But what about unfamiliar historical sites, like the Hannah Duston memorial? Just because visitors have fewer preexisting beliefs about a particular historical episode doesn’t mean they will respond to it in a strictly logical way. That’s because monuments are designed to invoke particular reactions. Duston’s statue, for example, shows her with a haunted expression. Her delicate dress slips off her shoulder, almost bearing a breast. The sculptor, William Andrews, emphasized her femininity and vulnerability. She does not look like someone who has just killed in cold blood, whatever the motivation. Viewers who already know about other versions of Duston’s history might not be swayed by this portrayal of her as a victim. But it’s hard to believe that a few lines of text on a placard is going to be enough to overcome the emotional pull of the statue for a visitor who comes to the site without already knowing what they think about her.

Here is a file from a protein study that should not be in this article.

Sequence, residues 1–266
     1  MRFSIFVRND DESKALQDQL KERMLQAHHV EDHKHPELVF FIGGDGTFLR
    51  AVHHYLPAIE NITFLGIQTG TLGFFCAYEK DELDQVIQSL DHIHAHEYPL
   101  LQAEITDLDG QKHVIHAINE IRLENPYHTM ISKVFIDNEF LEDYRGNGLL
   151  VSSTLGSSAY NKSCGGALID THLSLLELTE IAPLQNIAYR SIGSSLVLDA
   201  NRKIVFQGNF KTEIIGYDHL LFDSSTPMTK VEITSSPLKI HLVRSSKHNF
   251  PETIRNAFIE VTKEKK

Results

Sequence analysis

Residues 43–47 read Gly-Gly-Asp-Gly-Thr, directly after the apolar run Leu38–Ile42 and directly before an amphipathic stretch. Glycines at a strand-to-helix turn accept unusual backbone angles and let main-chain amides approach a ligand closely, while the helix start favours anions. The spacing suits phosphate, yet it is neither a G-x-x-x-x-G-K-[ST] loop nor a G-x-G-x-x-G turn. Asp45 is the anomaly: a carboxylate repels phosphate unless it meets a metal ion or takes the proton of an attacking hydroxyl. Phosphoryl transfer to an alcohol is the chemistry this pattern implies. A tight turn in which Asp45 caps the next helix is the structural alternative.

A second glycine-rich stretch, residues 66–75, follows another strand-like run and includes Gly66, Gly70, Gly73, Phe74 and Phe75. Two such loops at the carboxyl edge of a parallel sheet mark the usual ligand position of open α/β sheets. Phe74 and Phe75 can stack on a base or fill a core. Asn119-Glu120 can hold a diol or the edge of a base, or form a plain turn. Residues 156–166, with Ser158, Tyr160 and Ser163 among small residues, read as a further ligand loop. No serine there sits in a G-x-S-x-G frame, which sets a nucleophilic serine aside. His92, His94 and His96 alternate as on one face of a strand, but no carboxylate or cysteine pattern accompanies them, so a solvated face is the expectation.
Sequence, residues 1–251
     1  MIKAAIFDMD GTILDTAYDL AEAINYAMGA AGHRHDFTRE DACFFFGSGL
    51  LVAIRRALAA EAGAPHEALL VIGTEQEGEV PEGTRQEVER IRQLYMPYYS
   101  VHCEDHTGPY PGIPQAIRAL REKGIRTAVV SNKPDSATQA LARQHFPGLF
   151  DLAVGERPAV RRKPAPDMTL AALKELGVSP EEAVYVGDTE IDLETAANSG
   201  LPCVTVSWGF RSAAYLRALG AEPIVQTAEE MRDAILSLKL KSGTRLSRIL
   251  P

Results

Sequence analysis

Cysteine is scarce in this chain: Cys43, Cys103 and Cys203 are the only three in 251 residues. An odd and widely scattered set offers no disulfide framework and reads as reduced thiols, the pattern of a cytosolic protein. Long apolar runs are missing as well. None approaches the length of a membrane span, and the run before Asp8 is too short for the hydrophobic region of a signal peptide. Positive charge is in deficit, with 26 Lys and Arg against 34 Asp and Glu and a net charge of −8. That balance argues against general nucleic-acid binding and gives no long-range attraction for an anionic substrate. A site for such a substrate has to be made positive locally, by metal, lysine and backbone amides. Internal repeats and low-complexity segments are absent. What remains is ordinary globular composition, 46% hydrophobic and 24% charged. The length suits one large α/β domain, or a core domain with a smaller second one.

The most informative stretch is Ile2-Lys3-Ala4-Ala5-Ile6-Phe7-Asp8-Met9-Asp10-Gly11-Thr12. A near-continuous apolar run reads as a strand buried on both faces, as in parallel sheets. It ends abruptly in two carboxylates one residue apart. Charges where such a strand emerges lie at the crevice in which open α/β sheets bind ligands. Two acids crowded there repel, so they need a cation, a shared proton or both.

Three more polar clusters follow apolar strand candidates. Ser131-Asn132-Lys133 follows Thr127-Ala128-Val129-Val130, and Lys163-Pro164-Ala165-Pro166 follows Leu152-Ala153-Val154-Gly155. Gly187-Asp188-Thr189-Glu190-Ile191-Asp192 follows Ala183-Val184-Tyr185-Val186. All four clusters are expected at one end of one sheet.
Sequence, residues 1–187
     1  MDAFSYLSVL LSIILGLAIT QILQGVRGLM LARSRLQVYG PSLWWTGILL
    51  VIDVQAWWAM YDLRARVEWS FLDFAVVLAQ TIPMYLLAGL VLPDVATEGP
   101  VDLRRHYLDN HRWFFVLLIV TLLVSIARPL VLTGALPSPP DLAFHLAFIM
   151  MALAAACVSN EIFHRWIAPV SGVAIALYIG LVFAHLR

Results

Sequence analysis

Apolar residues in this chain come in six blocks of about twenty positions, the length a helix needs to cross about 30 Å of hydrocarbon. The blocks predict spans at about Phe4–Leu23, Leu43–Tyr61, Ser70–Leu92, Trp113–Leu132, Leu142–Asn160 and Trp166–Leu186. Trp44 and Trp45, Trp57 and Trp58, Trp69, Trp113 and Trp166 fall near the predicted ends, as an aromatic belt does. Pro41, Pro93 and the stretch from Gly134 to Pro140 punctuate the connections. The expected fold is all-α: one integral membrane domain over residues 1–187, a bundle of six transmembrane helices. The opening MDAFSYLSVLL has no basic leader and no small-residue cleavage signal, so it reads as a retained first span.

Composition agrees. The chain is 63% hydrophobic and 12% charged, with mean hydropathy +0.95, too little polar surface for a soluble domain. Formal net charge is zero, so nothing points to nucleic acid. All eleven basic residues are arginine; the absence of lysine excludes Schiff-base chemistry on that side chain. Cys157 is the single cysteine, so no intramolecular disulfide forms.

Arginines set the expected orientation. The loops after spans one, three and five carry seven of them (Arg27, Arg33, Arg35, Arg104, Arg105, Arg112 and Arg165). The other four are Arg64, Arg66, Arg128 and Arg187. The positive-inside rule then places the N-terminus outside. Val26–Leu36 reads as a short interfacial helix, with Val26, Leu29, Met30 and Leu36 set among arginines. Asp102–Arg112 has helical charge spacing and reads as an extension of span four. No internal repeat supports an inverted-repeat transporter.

If adding information in the form of signage, displays, and tour content isn’t enough to change the minds of visitors who already know what they want to believe about history, is there any alternative to removing monuments? One solution might be to take advantage of the brain’s reaction to images by adding not just text but also additional images to a site. Thus, the Cowasuck Band plans to add monuments honoring fallen Abenaki warriors to the Duston memorial site. Pouliot, the Cowasuck Band spokesperson, points out that people have used Duston’s life for their own purposes through “decades of storytelling, art and education,” and her goal is to use these same means to “reconstruct the colonial narrative into one that includes a broader accurate historical perspective than the one currently being offered.”